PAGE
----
David Bouchard | March 22nd 2019
Here are five video games that are just as good on mobile devices!
Most times, when beloved video games arrive on mobile devices, they're either unplayable or come with a giant asterix -- the ongoing controversy of SquareEnix's baffling mishandling of bringing a decades old game like Chrono Trigger to mobile devices comes to mind. That being said, there are a few examples that show exactly what mobile operating systems like iOS and Android can do when they have developer support. Let's go!
My colleague Anna Kim spoke before about how she uses this port for when she wants to feel depressed on the bus, and that's a pretty good descriptor about this game's somewhat surprising appeal. A game focused on the tough moral choices and creeping bleakness of working as a faceless government functionary in a fictional Eastern Bloc state, the monotonous tasks of government work lend themselves surprisingly well to mobile-style swipe controls. Checking people's passports, attempting to detect forgeries, stamping "approved" or "rejected" -- these rote roles form the crux of the game's inventive and heartbreaking storytelling, and playing it on a mobile device provides you with some mechanical frisson that resonates. After all, what do we associate more with mindless busywork more than our phones?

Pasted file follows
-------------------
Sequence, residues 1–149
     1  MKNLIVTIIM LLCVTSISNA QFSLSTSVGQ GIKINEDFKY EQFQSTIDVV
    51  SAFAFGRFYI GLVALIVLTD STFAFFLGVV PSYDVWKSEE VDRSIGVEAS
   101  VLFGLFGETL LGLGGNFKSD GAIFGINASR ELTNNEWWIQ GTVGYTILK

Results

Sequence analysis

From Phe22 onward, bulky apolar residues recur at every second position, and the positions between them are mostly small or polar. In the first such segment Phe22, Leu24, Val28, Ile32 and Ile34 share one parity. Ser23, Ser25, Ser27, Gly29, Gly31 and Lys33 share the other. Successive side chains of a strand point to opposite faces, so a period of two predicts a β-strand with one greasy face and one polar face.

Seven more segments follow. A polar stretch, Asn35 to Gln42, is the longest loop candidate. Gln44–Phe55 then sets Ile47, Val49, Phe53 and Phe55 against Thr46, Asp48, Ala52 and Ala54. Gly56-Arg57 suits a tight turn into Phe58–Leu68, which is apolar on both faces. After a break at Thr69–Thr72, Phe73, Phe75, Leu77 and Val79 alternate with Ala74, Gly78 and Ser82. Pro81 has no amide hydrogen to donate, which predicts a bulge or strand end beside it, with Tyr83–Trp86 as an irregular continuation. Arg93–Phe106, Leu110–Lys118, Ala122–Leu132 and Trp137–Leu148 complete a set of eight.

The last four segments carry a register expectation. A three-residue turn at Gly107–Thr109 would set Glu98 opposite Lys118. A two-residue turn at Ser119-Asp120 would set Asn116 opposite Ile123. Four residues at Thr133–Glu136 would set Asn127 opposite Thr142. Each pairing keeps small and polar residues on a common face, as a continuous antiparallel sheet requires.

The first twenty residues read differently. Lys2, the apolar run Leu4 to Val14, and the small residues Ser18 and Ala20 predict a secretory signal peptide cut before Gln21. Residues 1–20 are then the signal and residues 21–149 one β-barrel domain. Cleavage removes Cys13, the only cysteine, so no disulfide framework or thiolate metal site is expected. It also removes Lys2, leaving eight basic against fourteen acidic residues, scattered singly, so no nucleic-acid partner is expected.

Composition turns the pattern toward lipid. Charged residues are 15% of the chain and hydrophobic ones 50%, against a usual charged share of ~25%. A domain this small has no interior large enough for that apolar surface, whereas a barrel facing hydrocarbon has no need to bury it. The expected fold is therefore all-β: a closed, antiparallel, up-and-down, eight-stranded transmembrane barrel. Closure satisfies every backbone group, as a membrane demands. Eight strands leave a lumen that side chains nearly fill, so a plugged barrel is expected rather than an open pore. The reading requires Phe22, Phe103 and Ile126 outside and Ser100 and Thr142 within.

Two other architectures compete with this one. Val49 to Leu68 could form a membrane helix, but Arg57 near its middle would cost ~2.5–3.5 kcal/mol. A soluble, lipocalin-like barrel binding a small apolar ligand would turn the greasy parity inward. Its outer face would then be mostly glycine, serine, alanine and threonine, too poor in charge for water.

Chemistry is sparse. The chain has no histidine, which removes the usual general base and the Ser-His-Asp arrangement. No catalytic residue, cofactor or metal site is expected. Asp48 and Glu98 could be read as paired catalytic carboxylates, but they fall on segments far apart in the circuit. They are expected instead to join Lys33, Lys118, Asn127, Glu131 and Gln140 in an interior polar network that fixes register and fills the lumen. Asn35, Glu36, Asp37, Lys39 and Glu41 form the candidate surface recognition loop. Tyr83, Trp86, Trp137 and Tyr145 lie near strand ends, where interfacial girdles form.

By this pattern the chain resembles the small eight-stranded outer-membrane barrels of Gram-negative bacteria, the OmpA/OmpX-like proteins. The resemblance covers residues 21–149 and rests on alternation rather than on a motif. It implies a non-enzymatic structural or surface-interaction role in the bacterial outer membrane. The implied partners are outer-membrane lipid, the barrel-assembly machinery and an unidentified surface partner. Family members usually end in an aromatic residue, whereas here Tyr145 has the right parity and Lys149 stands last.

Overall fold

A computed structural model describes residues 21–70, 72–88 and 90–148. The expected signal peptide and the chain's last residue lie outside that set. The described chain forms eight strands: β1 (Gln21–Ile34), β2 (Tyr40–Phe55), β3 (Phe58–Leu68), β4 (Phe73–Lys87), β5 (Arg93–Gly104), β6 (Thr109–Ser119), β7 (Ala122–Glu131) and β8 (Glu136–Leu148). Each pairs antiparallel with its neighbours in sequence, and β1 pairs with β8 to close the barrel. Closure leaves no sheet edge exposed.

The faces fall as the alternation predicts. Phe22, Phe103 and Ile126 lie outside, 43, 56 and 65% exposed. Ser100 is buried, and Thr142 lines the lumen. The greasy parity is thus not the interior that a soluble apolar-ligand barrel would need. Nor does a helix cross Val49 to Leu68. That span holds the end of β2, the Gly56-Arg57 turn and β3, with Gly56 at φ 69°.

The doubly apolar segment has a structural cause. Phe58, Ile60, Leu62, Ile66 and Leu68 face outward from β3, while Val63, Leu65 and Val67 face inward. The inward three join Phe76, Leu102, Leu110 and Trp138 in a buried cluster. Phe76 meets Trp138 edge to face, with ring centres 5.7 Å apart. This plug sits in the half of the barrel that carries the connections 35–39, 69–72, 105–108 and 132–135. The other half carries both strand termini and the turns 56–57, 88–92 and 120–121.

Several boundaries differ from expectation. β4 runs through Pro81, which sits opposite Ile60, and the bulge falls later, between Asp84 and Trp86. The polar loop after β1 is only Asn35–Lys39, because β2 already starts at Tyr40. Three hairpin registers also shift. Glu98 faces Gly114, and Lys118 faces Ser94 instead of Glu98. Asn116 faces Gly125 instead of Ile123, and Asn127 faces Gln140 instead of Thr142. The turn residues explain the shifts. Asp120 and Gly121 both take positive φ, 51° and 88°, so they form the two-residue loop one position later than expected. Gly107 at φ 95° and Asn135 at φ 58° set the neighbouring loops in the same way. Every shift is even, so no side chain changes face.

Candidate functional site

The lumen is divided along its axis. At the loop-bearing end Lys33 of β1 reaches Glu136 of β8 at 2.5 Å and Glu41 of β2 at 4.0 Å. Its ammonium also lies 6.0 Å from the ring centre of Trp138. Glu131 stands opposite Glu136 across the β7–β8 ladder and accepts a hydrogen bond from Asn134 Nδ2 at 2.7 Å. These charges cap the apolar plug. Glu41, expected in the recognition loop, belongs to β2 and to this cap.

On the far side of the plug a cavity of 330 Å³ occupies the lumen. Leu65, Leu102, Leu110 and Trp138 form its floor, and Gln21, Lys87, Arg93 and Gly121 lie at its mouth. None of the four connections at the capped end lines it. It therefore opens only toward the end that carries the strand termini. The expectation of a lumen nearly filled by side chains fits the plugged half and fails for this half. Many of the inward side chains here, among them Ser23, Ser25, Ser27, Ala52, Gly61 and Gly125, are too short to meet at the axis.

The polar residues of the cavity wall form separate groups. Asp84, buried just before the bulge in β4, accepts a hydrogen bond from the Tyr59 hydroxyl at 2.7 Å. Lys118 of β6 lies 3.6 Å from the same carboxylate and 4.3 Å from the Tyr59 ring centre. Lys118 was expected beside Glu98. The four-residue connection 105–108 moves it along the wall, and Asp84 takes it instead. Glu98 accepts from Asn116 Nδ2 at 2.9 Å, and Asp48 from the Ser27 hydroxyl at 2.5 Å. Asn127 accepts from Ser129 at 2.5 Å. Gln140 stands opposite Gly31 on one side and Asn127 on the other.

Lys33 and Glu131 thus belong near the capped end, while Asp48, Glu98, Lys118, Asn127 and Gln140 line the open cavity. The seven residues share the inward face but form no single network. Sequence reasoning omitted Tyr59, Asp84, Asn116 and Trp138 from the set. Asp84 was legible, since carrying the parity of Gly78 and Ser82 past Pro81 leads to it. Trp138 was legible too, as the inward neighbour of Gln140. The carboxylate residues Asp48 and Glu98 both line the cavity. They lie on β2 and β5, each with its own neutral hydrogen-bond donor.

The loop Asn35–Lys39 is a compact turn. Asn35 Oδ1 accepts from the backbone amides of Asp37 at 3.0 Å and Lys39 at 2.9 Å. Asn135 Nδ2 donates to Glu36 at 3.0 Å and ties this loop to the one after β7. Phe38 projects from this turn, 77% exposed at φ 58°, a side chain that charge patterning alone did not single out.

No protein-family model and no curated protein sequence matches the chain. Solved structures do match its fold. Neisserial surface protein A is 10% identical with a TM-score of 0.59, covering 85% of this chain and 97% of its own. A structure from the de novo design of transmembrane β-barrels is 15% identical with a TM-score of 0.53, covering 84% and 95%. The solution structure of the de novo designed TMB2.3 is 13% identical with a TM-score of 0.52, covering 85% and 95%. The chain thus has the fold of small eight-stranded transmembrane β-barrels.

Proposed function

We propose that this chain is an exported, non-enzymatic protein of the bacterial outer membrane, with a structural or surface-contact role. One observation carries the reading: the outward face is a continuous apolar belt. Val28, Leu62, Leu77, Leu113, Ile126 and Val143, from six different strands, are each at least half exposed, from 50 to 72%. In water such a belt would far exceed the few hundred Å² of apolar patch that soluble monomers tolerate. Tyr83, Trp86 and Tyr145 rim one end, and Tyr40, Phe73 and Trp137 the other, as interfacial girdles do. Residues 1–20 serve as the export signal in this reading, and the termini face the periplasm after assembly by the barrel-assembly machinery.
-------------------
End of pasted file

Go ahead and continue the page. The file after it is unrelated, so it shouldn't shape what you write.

Papers Please is available for iOS
Jonathan Blow's environmental storytelling-driven puzzler became one of my favourite games when it first launched, and it did not disappoint when it arrived on iOS. It's funny that indie developers, theoretically working with less resources than AAA studios, seem to put more effort into mobile development than the big dogs. The Witness remains as layered, gorgeous, and challenging on mobile as it was on consoles or PC.
The Witness is available for iOS
Both of Playdead's super-atmospheric, desaturated creepfests of puzzle solving, Limbo and Inside, are worth playing on mobile, but Inside is the superior game overall. The wordless narrative lends itself well to bursts of play on the subway or in a waiting room, and the conversion is a near-seamless one. Worth the money for sure.
Did you think I was going to stop at one bleak, heartbreaking game about the collateral damage of war and the brutal poverty in creates with Papers Please? Of course not! If you want to make your morning bus ride even darker, try This War of Mine, a tactical resource management game that pits your battle for survival in a shelled-out Balkan country against your own morals and values. Again, these atmospheric indie titles lend themselves well to mobile conversion, without too many controller-mechanics that would need to be excised or converted to finger tapping and swiping. As such, This War of Mine plays great on a phone or tablet.
Oof. Let's lighten up, shall we? Donut County has previously been written about on this site by Anna Kim, calling it "impossibly charming", and ain't that the truth. Ben Esposito's physics-based puzzle game couldn't be better on mobile operating systems, the cuddly and weird denizens and its offbeat humour fitting in perfectly with tappy and drag-based controls that don't require a controller to execute well. Finding out about this game was a revelation -- I can't recommend it enough.
Donut County is available for iOS
Android OS has a host of exclusive apps that you simply cannot get on iOS. Here are five of my personal favourites!
The Tapwave Zodiac wasn't a bad PDA, but it wasn't great either.